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Master pages in ASP.NET a powerful feature which allows developers to create template-like pages which contain information that is common to all pages in a site or all pages in one section of a site such as corporate logo, company information, headers, footers and navigation links. Content pages can then be created which are based on the master page(s). Master pages use the file extension ".master" which is automatically protected by the server and cannot therefore be downloaded by clients.

What’s So Good About Microsoft ASP.NET Master Pages

Master pages in ASP.NET a powerful feature which allows developers to create template-like pages which contain information that is common to all pages in a site or all pages in one section of a site such as corporate logo, company information, headers, footers and navigation links. Content pages can then be created which are based on the master page(s). Master pages use the file extension “.master” which is automatically protected by the server and cannot therefore be downloaded by clients.

Content pages contain a reference to the appropriate master page together with the main page content. They use the regular ASP.NET file extension: “.aspx”. When the client requests a content page, the master and content pages are combined on the server and the resulting page sent back to the client.

Master pages contain locked areas, which can only be edited from the master and content areas, which can be filled with unique content each time a content page is created. You can create as many content areas as you need, though the default of one in the head area and one in the body is usually enough.

To create a master page in Visual Studio or Visual Web Developer, choose Add New Item from the Website menu and click on the Master Page icon. As with regular ASP.NET pages, you can choose the coding language and specify whether code will be placed in an external file or embedded in the page itself. To create a content page, choose Add New Item from the Website menu, click on the Web Form icon and activate the option “Select Master Page”. When you click the Add button, a second dialog will appear allowing you to choose a master page.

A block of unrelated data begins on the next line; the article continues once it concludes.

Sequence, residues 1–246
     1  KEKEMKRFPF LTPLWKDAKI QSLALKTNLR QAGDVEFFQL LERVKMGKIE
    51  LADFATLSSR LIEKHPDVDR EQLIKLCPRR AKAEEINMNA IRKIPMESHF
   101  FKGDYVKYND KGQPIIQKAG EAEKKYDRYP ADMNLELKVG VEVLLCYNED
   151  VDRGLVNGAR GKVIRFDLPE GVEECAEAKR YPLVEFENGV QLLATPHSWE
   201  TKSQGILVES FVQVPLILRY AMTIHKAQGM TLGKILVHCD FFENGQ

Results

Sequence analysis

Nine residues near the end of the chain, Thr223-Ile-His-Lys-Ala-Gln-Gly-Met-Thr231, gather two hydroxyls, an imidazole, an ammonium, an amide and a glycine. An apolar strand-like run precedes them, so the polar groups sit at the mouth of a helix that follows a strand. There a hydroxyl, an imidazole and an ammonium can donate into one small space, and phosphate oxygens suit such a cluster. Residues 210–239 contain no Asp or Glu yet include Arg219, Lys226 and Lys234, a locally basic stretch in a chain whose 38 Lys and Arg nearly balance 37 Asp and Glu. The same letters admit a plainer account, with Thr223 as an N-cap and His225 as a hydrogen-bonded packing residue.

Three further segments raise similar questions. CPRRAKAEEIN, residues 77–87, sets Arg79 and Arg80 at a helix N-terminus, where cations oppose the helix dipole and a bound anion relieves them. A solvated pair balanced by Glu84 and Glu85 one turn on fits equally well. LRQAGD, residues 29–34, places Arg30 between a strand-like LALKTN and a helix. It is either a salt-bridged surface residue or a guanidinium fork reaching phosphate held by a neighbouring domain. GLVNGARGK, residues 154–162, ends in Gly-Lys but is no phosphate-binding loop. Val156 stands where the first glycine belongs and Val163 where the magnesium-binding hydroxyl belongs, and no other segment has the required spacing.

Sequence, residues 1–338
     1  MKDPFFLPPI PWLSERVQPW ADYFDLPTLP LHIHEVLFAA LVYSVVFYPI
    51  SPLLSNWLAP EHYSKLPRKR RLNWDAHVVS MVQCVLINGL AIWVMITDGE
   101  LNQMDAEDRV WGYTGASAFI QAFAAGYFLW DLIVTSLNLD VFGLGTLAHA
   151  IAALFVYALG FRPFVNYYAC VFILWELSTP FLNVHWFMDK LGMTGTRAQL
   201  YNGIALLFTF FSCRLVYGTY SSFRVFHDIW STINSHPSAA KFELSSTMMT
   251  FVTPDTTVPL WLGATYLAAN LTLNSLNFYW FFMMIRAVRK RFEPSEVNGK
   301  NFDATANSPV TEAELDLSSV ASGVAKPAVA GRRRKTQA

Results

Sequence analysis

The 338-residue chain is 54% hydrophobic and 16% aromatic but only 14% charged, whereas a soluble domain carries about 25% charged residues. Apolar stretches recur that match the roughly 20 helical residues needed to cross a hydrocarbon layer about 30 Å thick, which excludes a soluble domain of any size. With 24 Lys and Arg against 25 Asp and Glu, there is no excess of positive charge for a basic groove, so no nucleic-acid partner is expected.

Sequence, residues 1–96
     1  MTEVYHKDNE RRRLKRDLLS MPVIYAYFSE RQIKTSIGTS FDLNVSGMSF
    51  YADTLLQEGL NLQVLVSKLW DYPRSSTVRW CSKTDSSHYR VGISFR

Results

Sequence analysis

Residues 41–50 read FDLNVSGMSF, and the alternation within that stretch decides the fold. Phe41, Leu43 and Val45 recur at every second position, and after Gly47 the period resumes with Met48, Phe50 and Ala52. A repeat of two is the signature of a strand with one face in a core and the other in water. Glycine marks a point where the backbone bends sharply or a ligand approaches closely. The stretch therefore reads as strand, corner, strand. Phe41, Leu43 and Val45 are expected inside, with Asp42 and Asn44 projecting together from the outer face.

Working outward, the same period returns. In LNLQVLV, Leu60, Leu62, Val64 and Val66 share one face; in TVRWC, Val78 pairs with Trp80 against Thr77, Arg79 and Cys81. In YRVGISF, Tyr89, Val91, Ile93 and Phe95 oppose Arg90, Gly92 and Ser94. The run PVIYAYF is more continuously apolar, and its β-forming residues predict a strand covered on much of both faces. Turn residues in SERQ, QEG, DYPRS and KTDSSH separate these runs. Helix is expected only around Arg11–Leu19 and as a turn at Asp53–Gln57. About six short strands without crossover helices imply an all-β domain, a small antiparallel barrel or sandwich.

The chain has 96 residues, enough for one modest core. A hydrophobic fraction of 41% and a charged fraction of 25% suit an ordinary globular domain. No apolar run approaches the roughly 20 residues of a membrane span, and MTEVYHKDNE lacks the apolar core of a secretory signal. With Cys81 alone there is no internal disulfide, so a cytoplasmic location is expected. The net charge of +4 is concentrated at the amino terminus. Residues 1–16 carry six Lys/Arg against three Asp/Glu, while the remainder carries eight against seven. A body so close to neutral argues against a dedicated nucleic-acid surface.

Master and content pages are great to work with from the developer’s point of view: they offer a great way of controlling the structure and layout of all the pages in a site. In addition, when working on content pages in Visual Studio or Visual Web Developer, the master page elements are displayed in preview mode, so the developer can always see what the final, composite page will look like to the end user. Naturally, however, the master page items cannot be edited from the content page.

Adobe Dreamweaver users may be tempted to make a comparison between Dreamweaver templates and ASP.NET master pages. However, ASP.NET master pages are much more powerful. In Dreamweaver, all of the template markup has to be copied into each page based on a template. If the template is altered, each page based on the template has to be updated and then uploaded to the server. With ASP.NET master pages, the master page elements are automatically combined with the content page element at runtime by the ASP.NET engine. So when a master page is altered, there is no need to manually update the content pages.

The author of this article works for a company that offers ASP.NET training courses in London and throughout the UK.

About Emma G.

Working in the marketing industry since 2002. This blog is one of my hobbies.

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